Great Silent director-star Buster Keaton is revered by the likes of Jackie Chan and Johnny Depp, who channels him in “The Lone Ranger” and even borrows some of his train stunts from his 1927 classic “The General” (available in full on Hulu and below). Orson Welles once stated that “The General” is “the greatest comedy ever made, the greatest Civil War film ever made, and perhaps the greatest film ever made.”
One reason, ironically, that Keaton is remembered is that the remarkable string of features that he produced between 1920 and 1929–including other must-sees “The Navigator,” “Sherlock, Jr.” and “Our Hospitality”– was out of circulation for decades. When the films, accompanied by brilliant shorts, were suddenly freed from legal restraints and released by the collector Raymond Rohauer, critics were able to evaluate them all at once and delivered enthusiastic praise. Some of the essays compared Keaton favorably to director and rival Charlie Chaplin, who was a better businessman and was able to survive the sound era in a way that Keaton could not.
The Great Stone Face was a remarkable comedian with fearless athletic grace who had trained in the school of hard knocks on the vaudeville stage as part of a family act led by his alcoholic and arguably abusive father, Joseph. Buster’s comic timing was instinctive, honed and perfect. He was handsome. I fell in love with Buster in high school, when a series of his shorts and features was hitting theaters around the country after collecting dust on the shelf. I watched every single one, read the tragic Rudi Blesh biography, and when I went to college, slapped a Keaton poster on my wall and a pork pie hat on my big-eyed boyfriend Peter, who was perfect casting for my own super-8 Keaton short.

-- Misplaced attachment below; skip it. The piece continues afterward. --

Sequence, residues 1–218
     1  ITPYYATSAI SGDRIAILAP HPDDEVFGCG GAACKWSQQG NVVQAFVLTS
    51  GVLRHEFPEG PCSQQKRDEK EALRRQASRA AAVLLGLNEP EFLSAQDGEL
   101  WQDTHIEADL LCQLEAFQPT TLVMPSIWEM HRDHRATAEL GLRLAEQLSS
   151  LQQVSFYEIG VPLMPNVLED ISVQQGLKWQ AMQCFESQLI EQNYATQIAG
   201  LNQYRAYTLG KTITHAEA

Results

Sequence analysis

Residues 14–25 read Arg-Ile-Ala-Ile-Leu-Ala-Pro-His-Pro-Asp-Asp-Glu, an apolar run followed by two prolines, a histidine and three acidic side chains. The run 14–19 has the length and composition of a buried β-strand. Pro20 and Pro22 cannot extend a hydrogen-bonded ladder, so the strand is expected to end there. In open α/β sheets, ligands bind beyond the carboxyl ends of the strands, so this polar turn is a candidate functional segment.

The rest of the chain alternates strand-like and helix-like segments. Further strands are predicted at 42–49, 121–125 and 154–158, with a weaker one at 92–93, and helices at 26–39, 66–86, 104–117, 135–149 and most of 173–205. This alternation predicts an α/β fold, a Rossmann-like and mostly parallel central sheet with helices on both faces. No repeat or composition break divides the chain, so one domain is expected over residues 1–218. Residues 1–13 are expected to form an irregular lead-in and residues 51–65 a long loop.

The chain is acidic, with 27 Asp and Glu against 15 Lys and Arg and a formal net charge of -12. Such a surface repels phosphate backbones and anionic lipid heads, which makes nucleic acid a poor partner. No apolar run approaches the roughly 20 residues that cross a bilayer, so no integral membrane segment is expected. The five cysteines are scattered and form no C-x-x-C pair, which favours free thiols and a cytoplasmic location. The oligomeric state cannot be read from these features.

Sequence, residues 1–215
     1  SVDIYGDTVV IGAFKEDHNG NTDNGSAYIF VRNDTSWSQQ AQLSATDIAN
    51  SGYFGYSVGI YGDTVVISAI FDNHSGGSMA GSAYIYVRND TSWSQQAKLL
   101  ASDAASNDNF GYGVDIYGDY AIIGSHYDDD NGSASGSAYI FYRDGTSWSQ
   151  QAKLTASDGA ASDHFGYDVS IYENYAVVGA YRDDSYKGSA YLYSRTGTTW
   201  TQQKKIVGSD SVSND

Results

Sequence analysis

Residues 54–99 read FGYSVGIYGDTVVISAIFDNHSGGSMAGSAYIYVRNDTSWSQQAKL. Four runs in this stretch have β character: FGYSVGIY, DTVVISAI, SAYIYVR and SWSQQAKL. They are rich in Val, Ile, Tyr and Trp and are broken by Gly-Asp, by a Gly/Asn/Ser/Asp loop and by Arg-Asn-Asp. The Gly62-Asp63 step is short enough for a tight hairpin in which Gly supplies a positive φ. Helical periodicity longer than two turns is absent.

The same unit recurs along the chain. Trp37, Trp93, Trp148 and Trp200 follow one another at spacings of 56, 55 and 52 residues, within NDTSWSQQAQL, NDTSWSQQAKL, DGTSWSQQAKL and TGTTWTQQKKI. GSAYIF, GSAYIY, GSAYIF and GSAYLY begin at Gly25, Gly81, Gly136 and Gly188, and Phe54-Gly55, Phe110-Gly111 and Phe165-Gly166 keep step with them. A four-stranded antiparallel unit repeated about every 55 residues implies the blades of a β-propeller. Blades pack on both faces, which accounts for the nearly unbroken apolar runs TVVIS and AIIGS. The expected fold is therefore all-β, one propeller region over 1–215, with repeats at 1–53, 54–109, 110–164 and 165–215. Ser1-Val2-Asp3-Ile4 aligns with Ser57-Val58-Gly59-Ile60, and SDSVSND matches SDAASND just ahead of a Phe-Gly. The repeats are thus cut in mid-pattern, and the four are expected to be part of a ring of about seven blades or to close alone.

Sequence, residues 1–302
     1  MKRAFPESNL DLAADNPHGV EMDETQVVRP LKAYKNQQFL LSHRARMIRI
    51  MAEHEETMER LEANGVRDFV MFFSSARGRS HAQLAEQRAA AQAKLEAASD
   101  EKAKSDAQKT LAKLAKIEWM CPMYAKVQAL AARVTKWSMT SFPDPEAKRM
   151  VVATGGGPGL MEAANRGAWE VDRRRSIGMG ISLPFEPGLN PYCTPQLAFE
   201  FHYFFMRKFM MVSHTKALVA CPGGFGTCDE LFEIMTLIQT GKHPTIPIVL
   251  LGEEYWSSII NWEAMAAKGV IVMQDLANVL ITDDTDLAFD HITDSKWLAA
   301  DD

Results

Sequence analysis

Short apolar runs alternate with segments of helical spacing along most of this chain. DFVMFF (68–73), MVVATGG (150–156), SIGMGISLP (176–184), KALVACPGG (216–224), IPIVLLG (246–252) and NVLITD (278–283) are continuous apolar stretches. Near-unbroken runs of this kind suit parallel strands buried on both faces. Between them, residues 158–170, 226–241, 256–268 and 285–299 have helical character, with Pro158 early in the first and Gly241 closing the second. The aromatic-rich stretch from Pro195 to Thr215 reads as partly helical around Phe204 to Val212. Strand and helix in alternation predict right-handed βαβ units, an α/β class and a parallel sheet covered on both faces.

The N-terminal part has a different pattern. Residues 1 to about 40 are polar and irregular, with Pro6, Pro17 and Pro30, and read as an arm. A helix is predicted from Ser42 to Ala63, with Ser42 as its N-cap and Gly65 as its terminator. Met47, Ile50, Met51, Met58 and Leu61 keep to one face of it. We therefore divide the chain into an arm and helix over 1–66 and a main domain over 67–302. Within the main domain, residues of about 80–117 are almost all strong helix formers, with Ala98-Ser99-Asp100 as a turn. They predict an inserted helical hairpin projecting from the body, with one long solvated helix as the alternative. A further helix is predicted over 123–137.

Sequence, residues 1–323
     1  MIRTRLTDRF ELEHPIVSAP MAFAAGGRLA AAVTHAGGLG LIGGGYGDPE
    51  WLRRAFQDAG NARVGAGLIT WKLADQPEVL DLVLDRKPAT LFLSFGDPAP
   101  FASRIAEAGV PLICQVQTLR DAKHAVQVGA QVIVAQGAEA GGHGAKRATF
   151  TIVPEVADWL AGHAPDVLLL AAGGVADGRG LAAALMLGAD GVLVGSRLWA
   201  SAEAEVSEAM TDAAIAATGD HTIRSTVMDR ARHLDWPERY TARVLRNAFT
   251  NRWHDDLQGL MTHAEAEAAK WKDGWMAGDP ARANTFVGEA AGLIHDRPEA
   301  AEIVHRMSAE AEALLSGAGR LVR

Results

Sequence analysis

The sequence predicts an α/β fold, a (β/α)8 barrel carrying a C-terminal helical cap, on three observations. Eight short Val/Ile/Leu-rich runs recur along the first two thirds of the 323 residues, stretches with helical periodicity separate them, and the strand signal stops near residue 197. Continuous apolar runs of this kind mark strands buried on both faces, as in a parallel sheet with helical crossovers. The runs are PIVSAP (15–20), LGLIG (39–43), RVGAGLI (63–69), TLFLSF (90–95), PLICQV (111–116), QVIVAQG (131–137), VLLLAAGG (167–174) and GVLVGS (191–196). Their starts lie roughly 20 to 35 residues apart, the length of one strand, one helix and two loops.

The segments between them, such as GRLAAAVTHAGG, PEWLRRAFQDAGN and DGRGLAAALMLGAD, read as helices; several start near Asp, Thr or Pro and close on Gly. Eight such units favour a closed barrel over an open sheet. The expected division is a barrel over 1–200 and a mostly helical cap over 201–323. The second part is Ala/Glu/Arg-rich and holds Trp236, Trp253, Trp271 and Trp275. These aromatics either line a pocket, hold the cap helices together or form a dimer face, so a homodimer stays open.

The Rohauer Library collection, which holds more than 700 archival film titles, was purchased by Charles S. Cohen’s Cohen Media Group in 2011. With the new renaming to the Cohen Film Collection: The Rohauer Library, a plan was annouced to restore and re-release all of the library’s holdings, including its formidable offerings of Keaton’s films.
The NYT DVD columnist Dave Kehr rhapsodized on Keaton here when a DVD of classic “Steamboat Bill, Jr.” was hitting stores, as well as the collection “Lost Keaton,” which includes sixteen Educational Pictures shorts he made in the ’30s.
Kino Classics has released a series of Keaton’s remastered classics on Blu-ray and DVD, including the great 1925 comedy “Seven Chances,” which boasts the unforgettable classic action sequence in which Keaton runs for his life, chased by hordes of women–and other dangerous objects.
See that sequence and a bunch of cool Keaton clips, including “The General,” below.